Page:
Editor’s note: This
article was written by Michael
Rosenfield, IBM Research’s director of Deep Computing Systems.
IBM’s Blue Gene/Q
Sequoia, at the Lawrence Livermore National Lab took the number one ranking in
list of the world’s fastest machines. And 21 other Blue Gene/Q configurations
also earned spots on the list – including four in the top 10. Quite an
achievement, given that IBM only started shipping these systems in volume to
clients earlier this year.
What’s inside Sequoia?
is a Blue Gene/Q supercomputer built on IBM Power architecture. It consists of 96 racks; 98,304 compute nodes; 1.6 million cores; and 1.6 petabytes of memory.
to its predecessors, it is 90 times more powerful than ASC Purple, and eight
times more powerful than BlueGene/L, relative to the peak speeds of these
system used by Lawrence Livermore
(LLNL) can reach over 16 sustained petaflops
– just one petaflop
floating-point operations per second! With this power, Sequoia will
soon be used to simulate phenomena such as uncertainty quantification (the
quantitative characterization and reduction of uncertainty in outcome scenarios
across the natural sciences and engineering), hydrodynamics, and the physical properties
of materials at extreme pressures and temperatures.
Today, the National Nuclear Security Administration uses
Sequoia to research the safety, security and reliability of the United States’
nuclear deterrent – replacing the need for underground testing.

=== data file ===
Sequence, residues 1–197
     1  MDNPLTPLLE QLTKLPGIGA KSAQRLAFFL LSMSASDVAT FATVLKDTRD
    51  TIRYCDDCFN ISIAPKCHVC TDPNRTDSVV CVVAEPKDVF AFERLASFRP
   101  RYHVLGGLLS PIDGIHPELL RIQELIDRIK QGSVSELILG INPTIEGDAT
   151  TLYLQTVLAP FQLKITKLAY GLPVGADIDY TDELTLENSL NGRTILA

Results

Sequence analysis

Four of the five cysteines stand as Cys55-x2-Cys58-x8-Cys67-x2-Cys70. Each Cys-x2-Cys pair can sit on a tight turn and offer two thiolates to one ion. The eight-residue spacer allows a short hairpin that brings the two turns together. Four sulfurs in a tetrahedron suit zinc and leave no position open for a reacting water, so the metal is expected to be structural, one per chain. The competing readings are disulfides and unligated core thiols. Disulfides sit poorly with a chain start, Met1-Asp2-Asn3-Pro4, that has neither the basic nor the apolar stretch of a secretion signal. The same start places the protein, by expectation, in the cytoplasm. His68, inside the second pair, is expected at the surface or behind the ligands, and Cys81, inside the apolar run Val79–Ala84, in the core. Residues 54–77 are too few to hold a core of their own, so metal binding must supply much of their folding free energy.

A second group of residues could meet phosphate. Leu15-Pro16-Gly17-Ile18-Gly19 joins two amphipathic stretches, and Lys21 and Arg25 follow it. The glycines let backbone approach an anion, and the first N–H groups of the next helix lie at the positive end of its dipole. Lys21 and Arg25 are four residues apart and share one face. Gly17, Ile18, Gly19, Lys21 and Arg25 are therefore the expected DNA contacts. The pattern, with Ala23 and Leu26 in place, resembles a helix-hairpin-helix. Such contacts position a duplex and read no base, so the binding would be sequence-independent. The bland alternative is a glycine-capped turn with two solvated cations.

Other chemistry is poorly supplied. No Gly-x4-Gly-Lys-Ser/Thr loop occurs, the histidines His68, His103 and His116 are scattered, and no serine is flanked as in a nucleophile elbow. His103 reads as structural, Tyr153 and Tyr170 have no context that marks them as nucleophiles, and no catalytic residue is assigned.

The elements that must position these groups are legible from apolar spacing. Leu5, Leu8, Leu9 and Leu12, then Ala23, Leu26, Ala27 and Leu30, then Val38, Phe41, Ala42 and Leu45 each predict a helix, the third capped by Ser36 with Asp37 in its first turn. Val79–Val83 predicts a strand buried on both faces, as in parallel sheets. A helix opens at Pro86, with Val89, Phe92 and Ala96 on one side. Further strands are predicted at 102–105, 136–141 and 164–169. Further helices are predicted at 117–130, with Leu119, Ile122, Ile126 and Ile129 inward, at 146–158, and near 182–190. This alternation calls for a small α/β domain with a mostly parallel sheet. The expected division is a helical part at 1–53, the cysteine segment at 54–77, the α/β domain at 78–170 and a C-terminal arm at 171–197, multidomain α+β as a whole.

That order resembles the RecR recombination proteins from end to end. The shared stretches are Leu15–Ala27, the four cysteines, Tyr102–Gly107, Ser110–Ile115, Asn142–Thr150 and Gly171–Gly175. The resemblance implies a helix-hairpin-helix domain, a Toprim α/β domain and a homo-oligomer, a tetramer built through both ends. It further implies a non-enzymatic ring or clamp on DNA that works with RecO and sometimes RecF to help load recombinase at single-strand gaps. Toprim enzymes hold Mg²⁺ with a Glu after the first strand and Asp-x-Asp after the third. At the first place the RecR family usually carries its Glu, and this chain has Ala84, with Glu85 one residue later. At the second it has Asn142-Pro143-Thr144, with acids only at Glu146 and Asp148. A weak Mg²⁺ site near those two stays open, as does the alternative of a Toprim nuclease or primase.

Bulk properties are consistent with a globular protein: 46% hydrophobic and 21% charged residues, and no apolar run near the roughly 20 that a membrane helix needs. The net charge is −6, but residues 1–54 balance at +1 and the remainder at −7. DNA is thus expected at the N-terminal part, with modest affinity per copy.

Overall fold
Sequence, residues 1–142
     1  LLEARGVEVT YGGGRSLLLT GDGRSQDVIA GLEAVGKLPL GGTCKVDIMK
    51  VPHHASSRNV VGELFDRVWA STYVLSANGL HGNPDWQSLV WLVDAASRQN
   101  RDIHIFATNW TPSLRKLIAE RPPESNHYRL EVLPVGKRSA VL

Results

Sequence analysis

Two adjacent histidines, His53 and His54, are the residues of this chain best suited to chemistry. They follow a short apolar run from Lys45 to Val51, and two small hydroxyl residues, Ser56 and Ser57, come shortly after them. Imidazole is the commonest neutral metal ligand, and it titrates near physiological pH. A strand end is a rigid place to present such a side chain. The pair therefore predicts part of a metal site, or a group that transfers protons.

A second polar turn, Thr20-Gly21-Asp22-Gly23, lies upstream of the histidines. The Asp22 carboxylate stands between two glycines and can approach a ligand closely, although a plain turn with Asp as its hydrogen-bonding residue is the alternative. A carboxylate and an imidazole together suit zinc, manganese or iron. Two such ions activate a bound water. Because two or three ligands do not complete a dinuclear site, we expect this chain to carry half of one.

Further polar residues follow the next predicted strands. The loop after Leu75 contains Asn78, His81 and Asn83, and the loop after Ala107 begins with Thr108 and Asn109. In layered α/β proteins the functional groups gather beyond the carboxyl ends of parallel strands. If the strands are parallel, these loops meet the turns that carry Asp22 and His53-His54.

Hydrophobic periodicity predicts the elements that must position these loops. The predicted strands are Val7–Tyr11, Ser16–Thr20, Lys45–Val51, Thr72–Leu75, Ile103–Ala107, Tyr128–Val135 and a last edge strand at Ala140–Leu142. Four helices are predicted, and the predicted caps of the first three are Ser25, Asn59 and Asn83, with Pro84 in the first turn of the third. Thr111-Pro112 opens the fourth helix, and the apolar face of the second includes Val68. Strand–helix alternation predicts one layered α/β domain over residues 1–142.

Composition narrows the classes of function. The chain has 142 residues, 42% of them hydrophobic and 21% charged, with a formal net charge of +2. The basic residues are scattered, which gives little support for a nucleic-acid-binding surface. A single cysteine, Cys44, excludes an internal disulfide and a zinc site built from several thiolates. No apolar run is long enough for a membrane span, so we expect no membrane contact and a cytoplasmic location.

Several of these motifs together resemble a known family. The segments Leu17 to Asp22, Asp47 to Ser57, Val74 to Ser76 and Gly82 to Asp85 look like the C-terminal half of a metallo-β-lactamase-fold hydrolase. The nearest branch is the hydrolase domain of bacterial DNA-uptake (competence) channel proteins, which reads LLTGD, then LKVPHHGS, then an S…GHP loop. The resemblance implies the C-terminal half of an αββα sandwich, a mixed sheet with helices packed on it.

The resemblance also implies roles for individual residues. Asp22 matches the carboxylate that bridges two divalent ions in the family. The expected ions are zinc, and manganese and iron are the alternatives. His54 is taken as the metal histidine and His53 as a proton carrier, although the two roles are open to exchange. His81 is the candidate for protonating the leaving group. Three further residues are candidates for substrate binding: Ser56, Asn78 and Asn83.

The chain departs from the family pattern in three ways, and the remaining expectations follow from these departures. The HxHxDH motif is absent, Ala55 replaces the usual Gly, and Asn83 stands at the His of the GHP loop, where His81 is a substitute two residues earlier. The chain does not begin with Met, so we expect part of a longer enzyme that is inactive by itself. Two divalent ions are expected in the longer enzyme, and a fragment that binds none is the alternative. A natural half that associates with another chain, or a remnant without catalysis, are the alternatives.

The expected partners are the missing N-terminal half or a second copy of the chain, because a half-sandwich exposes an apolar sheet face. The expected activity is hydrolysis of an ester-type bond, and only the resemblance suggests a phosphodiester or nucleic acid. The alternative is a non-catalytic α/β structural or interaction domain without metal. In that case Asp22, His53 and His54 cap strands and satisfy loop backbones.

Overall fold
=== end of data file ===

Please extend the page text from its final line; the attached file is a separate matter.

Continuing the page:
Argonne National Lab's (ANL) Blue Gene/Q-based system Mira
is the third-fastest system in the world. Mira is being used to significantly
advance science and industry. In science, ANL’s exploration ranges from
studying the evolution of our universe to simulating the strong force of
subatomic particles. In industry, ANL is working to design more-efficient
electric car batteries; understand global climate change; design fast neutron reactors
capable of eliminating nuclear waste, and decipher the complexities of the
Researchers across academia, government and industry from
around the world access Mira through blocks of compute time awarded via the
peer-reviewed, competitive INCITE
Blue Gene is not only being adopted by our partners at the national
labs, but also by our industry partners. For example, Électricité de France, the world's largest
utility company, uses the Blue Gene/Q that ranked #40 in the TOP500 to better manage operations
for its electricity generation and distribution business.
The Blue Gene/Q project has been supported and partially
funded by the Argonne and Livermore labs on behalf of the United States
Department of Energy. In addition IBM gratefully acknowledges the collaboration
with Columbia University and Edinburgh University, which also participated in
top-ranked system, LLNL's Sequoia Blue Gene/Q can reach 16.32 Petaflops
has four other supercomputers in the Top 10:
ANL-Mira Blue Gene/Q
LRZ-SuperMUC iDataPlex Direct
Water Cooled dx360 M4
CINECA -Fermi Blue Gene/Q
Juelich-JuQUEEN Blue Gene/Q
has the most systems in TOP500 with 213
SuperMUC iDataPlex is the fastest system in Europe
has the 20 most-energy-efficient systems on the list (all IBM Blue Gene/Q
Labels: bluegene, HPC, Lawrence Livermore National Lab, petaflop, power7, top500